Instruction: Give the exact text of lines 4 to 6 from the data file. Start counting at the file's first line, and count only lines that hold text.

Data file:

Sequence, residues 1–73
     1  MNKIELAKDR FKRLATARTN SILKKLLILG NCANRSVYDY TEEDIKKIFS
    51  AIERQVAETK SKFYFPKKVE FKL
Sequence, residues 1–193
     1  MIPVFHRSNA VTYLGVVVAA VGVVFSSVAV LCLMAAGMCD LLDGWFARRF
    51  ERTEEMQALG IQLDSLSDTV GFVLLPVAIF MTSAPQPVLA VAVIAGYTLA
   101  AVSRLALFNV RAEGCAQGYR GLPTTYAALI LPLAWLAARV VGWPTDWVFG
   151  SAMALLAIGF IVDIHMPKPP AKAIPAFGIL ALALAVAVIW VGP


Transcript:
Sequence, residues 1–193
     1  MIPVFHRSNA VTYLGVVVAA VGVVFSSVAV LCLMAAGMCD LLDGWFARRF
    51  ERTEEMQALG IQLDSLSDTV GFVLLPVAIF MTSAPQPVLA VAVIAGYTLA